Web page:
Duke Students Work to Protect Disappearing Elephants
African elephants are “going tuskless.” In a striking example of expedited evolution, elephants across the continent have begun to shuck the tusk gene, an adaptation developed to protect against the ivory poachers that threaten their survival.
Amelia Meier, a PhD student in the Nicholas School of the Environment, is one of several Duke students in the Elephant Ecology and Conservation working group dedicated to protecting this endangered species against illegal poaching.
The loss of forest elephants to the multi-million dollar ivory industry is not a new story, Meier said, but one that is more critical now than ever. Sixty percent fewer elephants roam the African rainforests than did 15 years ago—a “catastrophic” decline that scientists attribute largely to illegal poaching.
“This is truly a crisis,” Meier said. “These are highly organized groups that are moving ivory from Africa to Asia in huge quantities, and we are losing an iconic species as a result.”
The demand for ivory tusks comes predominantly from a growing middle class in China, where ivory is a symbol of wealth. Even a pound of ivory—less than one percent of the weight of a single male tusk—can be worth up to $1,500 on the black market when carved into art or jewelry.
To help protect these animals from humans who hunt them for profit, the Duke team has partnered with the Gabon Park Agency to place GPS collars on elephants across the country.
In contrast to observing rare forest elephants on the ground, which Meier joked is “like playing a precarious game of Where’s Waldo,” GPS movement data can safely and accurately provide detailed information about elephants’ habitat shifts and social behaviors.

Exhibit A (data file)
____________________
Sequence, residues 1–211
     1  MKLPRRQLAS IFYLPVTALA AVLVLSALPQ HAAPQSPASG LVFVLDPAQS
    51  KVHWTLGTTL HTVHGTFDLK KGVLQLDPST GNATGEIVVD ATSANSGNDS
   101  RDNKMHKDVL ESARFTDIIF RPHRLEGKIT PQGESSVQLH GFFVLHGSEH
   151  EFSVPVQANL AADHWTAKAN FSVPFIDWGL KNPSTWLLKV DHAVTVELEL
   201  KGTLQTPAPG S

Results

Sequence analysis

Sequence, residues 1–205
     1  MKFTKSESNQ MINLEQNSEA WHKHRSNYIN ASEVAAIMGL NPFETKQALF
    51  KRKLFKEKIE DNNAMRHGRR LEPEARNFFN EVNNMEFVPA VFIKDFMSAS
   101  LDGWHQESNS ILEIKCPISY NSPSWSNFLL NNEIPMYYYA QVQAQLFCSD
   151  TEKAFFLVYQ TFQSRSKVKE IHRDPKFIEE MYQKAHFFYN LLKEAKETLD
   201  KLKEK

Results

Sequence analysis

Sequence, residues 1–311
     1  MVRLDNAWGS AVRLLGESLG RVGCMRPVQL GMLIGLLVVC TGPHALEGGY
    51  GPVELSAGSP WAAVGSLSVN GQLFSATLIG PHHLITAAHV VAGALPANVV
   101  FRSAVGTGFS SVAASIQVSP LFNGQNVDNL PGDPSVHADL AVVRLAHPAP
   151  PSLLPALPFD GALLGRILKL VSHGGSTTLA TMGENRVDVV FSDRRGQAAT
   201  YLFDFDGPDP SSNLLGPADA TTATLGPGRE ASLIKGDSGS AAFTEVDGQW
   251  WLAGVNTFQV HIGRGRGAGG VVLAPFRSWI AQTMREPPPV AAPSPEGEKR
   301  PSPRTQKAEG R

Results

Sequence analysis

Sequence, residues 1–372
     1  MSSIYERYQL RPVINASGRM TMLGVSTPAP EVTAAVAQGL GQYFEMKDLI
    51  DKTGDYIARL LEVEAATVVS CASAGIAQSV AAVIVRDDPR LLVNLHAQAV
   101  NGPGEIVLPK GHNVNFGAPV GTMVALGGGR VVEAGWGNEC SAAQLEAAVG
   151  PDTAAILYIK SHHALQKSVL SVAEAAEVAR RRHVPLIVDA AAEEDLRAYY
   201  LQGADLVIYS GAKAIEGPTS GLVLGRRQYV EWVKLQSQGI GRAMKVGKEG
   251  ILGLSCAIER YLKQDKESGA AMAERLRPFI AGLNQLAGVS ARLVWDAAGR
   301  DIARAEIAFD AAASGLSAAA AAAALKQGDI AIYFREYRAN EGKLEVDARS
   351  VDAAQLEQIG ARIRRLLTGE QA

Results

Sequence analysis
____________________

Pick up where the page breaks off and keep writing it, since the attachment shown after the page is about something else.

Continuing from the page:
In addition to GPS studies, the group is evaluating the use of drones to detect elephants from above and map out their distribution across the region.
Despite the rapid decline of this species, Meier remains hopeful about the impact of research—from Duke and from other universities and organizations around the world—on conserving these animals.
“The end goal is to predict where elephants are going to be and when, so we can work with park management to shift their anti-poaching controls to these areas,” Meier said. “We’re getting very close to achieving this.”
The forest elephant working group is one of 18 graduate working groups supported by the Duke University Center for International and Global Studies. These groups consist of students from all academic disciplines who conduct research into global issues ranging from global mental health to ocean policy.